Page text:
In its first meeting Tuesday night, the fourth Central Student Government assembly officially swore in its new executives and assembly members, all of whom pledged to “preserve and champion the all-campus constitution of the Ann Arbor student body.”
The new assembly discussed three resolutions — one supporting a budget increase; another establishing a CSG partnership with the Alumni Association to expand the LEAD Scholars program, which grants four-year merit scholarships to underprivileged students and a third that would allocate funds to make CSG backpack tags to increase awareness of representatives within the community.
The most discussed resolution was the budget-focused one — which suggests a two-dollar raise to the student fee. The fee has not risen from its current rate, $7.19, since 2005.
The resolution reads: “Contingent upon approval of the fee limit increase by the Board of Regents, the Assembly supports raising the Central Student Government fee to the maximum limit approved by the student body and the Board of Regents.”
Business senior Michael Proppe, former CSG president, said in a presentation to the assembly that the fee, which is the CSG’s primary source of funding, could even be raised by $2.81 to an even 10 dollars.
Proppe said raising the fee would only increase tuition .015 percent, compared to a 32 percent increase in CSG revenue that could be used to aid student organizations— a goal
that was impeded this year by lower enrollment and less “carry forward” funds from past administrations.
Business senior Eric Kibler, CSG treasurer, added that CSG’s recently updated policy of providing rolling applications, three times each semester, for student organizations seeking funding has increased the use of funds, which drains the budget more quickly. Hence, a larger budget could help meet the needs of more student organizations.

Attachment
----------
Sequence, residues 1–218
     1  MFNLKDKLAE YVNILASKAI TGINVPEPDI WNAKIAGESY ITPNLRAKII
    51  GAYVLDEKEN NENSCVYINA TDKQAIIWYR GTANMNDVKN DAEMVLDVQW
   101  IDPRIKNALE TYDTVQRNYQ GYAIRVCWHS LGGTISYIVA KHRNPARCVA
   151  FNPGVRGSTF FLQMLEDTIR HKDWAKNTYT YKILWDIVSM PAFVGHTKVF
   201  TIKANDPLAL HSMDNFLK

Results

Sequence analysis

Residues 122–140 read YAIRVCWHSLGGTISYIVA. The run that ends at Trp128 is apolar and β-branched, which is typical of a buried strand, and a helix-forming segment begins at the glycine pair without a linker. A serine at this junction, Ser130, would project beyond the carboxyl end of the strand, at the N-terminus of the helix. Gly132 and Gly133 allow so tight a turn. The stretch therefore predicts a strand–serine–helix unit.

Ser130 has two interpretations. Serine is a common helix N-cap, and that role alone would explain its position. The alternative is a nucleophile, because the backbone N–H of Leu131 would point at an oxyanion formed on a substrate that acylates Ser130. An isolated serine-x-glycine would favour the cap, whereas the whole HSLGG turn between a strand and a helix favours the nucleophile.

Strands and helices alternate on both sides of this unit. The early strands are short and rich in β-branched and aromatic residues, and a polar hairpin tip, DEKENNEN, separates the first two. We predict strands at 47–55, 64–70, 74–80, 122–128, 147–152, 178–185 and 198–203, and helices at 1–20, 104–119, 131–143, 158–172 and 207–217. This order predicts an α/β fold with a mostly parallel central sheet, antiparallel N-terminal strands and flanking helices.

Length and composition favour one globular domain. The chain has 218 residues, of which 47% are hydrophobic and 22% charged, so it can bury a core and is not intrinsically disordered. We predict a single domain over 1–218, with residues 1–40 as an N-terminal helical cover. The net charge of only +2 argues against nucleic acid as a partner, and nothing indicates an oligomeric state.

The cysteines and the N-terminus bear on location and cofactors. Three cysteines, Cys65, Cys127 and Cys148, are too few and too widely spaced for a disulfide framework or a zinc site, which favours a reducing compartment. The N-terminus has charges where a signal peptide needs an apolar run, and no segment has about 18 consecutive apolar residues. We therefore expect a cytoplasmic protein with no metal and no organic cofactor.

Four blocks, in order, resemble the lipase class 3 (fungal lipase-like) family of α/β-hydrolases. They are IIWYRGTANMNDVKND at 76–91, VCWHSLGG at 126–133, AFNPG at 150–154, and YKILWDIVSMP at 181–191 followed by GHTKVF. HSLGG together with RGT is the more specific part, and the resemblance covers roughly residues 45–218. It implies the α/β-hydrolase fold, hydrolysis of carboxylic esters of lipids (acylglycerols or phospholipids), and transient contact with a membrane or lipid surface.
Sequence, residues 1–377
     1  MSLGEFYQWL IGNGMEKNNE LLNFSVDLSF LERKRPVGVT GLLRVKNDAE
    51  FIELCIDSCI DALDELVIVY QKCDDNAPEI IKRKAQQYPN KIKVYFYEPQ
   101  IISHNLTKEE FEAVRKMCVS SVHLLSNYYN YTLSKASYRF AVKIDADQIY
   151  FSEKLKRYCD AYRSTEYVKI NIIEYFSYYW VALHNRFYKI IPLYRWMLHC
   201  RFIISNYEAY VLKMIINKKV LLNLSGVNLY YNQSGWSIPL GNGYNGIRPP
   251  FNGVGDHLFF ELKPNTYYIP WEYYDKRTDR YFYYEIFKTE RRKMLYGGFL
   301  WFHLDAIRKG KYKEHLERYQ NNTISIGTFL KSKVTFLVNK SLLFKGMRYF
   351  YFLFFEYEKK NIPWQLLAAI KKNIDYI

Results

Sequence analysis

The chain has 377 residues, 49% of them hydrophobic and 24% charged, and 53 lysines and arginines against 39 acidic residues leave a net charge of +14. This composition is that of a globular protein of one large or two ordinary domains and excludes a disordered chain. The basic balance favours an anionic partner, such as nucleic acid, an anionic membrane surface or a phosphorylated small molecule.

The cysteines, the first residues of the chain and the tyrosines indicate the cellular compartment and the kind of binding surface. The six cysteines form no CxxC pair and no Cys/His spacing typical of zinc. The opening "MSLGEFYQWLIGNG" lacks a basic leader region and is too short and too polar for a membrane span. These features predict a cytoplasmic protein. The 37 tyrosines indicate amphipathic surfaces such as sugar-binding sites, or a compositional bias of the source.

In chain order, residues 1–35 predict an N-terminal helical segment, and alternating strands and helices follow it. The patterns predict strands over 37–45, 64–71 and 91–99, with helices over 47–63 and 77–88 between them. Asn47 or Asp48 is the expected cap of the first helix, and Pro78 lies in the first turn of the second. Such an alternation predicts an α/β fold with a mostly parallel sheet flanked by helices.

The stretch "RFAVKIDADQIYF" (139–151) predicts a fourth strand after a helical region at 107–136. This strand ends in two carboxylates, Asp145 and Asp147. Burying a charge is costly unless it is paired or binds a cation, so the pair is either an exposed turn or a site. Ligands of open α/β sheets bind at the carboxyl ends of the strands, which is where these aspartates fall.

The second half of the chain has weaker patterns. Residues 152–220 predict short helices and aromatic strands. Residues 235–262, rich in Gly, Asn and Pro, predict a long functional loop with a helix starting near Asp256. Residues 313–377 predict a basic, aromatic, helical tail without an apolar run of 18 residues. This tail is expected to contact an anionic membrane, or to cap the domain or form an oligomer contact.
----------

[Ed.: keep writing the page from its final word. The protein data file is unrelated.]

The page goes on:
“We have more organizations applying for more money. We are actually awarding more money to organizations,” Proppe said. “The carry forward has come way down. We have an average of 260K per year in the old system compared to 40K now”
According to a campus poll sent out by the CSG last week, 60 percent of the 2,000 student respondents support the $2 increase, whereas 50.19 percent favor the $2.81 increase.
Although the assembly did not vote on the resolutions, members did elect the 2014-2015 speaker and vice speaker of the assembly: LSA junior Christian Bashi and Public Policy junior Laurel Ruza, respectively.
In his opening remarks to the assembly following this selection process, Public Policy junior Bobby Dishell, CSG president, welcomed new representatives and also plugged the accomplishments of Big Ten on the Hill earlier this month.
Big Ten on the Hill is a spring conference in which student government delegations from each university in the Big Ten go to Washington, D.C. to meet with their state’s Congressional representatives and lobby for initiatives that are beneficial to college students.
Rackham student Adi Sathi, the executive director of the Association of Big Ten Students, said in an e-mail that the event was a success.
“It was a great honor to work with such great student leaders and discuss higher education policy as well as campus issues such as mental health and sexual assault prevention with the 14 schools in the Big Ten,” Sathi wrote.